I am obsessed with unconventional businesses.
Recently, that obsession has been focused on Basecamp.
Specifically, I’m consumed by how it became the market leader in project management software by constantly doing less than their competitors.
It pays to study the outlier, and understand WHY they can outperform the rest of the pack with such a large margin.
For example, how did Basecamp go from 45 customers in 2004 to 2,500,000 customers in 2017 in such a competitive market?
In their NYT bestselling book Rework, Basecamp’s founders Jason Fried and David Heinemeier Hansson talk about their strategy of “underdoing the competition”:
“Conventional wisdom says that to beat your competitors, you need to one-up them. If they have four features, you need five (or fifteen, or twenty-five). If they’re spending $20,000, you need to spend $30,000. (...)
This sort of one-upping mentality is a dead end. When you get suckered into an arms race, you wind up in a never-ending battle that costs you massive amounts of money, time, and drive. And it forces you to be constantly defensive, too. Defensive companies can’t think ahead; they can only think behind. They don’t lead; they follow.
So what do you do instead?
Do less than your competitors to beat them. Solve the simple problems and leave the hairy, difficult, nasty problems to the competition. Instead of one-upping, try one-downing. Instead of outdoing, try underdoing.
The bicycle world provides a great example. For years, major bicycle brands focused on the latest in high-tech equipment: mountain bikes with suspension and ultra strong disc brakes, or light-weight titanium road bikes with carbon-fiber everything. And it was assumed that bikes should have multiple gears: three, ten, or twenty-one.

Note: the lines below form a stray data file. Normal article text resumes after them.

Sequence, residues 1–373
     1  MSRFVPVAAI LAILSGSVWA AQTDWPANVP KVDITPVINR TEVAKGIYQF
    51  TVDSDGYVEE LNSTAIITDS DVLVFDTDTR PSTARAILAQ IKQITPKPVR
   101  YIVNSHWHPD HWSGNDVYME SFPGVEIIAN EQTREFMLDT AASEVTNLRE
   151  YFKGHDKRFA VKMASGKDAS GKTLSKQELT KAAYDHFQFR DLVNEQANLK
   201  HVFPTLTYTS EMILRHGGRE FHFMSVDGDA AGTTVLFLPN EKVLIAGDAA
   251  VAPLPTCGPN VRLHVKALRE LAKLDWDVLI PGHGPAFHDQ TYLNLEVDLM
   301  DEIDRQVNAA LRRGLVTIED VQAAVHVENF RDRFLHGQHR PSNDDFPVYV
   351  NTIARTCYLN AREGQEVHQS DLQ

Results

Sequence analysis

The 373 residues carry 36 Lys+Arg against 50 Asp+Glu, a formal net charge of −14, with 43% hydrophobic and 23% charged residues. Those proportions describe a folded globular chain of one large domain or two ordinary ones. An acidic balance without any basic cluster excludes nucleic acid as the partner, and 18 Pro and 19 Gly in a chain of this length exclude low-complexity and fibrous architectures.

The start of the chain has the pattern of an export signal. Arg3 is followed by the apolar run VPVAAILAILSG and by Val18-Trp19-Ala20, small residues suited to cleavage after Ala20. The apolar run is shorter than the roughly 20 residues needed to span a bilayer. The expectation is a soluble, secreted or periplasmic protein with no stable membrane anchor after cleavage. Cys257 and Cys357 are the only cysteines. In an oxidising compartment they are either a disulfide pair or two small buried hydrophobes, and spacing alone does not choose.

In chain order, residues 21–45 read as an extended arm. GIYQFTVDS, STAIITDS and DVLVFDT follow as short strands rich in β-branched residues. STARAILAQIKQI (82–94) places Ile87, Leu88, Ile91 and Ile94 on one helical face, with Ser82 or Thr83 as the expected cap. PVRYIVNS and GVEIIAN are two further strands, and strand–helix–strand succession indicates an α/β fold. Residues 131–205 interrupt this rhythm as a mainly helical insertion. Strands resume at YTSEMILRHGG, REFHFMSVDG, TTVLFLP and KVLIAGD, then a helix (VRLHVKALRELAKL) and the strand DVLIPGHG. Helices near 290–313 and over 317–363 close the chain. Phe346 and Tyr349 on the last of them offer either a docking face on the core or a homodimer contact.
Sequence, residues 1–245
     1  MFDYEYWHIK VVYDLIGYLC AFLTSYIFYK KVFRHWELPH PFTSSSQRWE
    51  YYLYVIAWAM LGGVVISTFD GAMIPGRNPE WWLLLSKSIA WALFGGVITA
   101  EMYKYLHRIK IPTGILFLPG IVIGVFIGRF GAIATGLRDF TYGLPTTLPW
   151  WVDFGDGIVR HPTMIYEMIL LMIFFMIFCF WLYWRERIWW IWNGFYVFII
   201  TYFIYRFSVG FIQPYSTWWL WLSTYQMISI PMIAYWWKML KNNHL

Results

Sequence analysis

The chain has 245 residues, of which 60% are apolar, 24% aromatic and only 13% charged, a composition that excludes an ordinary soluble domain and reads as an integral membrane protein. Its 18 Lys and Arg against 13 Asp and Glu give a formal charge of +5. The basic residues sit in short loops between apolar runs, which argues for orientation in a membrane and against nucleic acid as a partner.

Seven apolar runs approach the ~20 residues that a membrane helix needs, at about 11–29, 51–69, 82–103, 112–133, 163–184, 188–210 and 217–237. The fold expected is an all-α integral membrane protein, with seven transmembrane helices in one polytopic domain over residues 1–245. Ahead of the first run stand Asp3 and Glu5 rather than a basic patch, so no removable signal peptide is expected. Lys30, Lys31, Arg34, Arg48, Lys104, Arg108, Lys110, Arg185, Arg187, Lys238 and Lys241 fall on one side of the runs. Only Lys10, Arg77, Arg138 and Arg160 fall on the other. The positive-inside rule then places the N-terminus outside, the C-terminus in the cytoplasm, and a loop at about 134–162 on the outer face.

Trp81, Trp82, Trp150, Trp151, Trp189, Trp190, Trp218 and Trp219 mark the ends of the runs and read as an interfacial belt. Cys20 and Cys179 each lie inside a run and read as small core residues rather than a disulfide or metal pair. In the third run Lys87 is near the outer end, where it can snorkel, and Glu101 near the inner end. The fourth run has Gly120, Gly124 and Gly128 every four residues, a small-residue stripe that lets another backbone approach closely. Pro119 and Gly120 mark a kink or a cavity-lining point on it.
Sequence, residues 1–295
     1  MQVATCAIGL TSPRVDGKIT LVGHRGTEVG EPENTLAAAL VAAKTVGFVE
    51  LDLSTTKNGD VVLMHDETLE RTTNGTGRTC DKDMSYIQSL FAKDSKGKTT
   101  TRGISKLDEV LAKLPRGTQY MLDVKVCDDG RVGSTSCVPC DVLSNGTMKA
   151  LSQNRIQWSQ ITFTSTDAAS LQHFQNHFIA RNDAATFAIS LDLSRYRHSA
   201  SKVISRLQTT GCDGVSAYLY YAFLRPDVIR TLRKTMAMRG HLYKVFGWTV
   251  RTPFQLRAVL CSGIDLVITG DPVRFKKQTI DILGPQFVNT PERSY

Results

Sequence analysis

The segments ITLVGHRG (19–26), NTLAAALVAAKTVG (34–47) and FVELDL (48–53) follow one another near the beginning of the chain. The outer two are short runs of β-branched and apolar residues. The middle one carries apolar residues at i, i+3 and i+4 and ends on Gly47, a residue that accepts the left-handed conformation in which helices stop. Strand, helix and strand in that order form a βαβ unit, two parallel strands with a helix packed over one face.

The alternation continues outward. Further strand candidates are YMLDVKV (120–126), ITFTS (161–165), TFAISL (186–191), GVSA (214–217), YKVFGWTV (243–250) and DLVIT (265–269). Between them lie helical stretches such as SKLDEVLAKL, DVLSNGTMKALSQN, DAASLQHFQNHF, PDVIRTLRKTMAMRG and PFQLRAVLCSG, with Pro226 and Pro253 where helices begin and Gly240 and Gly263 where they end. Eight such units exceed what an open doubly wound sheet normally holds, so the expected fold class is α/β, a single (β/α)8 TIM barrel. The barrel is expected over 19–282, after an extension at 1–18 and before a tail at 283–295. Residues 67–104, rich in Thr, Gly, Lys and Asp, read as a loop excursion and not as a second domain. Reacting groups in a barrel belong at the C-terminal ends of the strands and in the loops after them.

But recently, fixed-gear bicycles have boomed in popularity, despite being as low-tech as you can get. These bikes have just one gear. Some models don’t have brakes. The advantage: They’re simpler, lighter, cheaper, and don’t require as much maintenance. (...)
That’s a seductive idea:
Find the ONE thing you want your product to become world-class in - and axe everything else.
This frees up a lot of resources, which actually allows you to become world-class at that one thing.
Then you aggressively market your contrarian ways:
“Don’t shy away from the fact that your product or service does less. Highlight it. Be proud of it. Sell it as aggressively as competitors sell their extensive feature lists.”
I want to do this with Swipe, Send… Sold! and I need your help.
What’s the ONE thing you want this product to become the world leader in?
What are all the features we can cut, so we can go all in on the one thing that matters most to you?
A few possibilities:
- Axe the video tutorials and focus exclusively on written templates? (Here, the ONE thing would be: templates)
- Cut back from 4 new templates to just 1 template a month - and go deep? For example, I could explain the psychology of why structuring the email in that way works. (One thing = depth)
- An extreme: Remove the “prep worksheet”? Instead, just keep the template and give you 3 worked examples instead of 1? (One thing = worked examples)
- Another extreme: Axe the “fill-in-the-blanks template”? Instead, make the prep exercises really step by step. Then give you worked examples of both the prep exercises and the finished emails? (One thing = exercises and questions to ask yourself before you sit down to write that particular email)
- Something else?
I want us to make big bets on simplicity, clarity, ease-of-use, and honesty - just like Basecamp.
You and I, let’s put on our Einstein cap and figure this ONE thing out.
Because Trial & Eureka exists for YOU.
I create these products to help you solve your online marketing problems. So I want to bring you in on the product creation.
Hit reply and tell me what you think the ONE thing for Swipe, Send, Sold should be and why.
I read every response.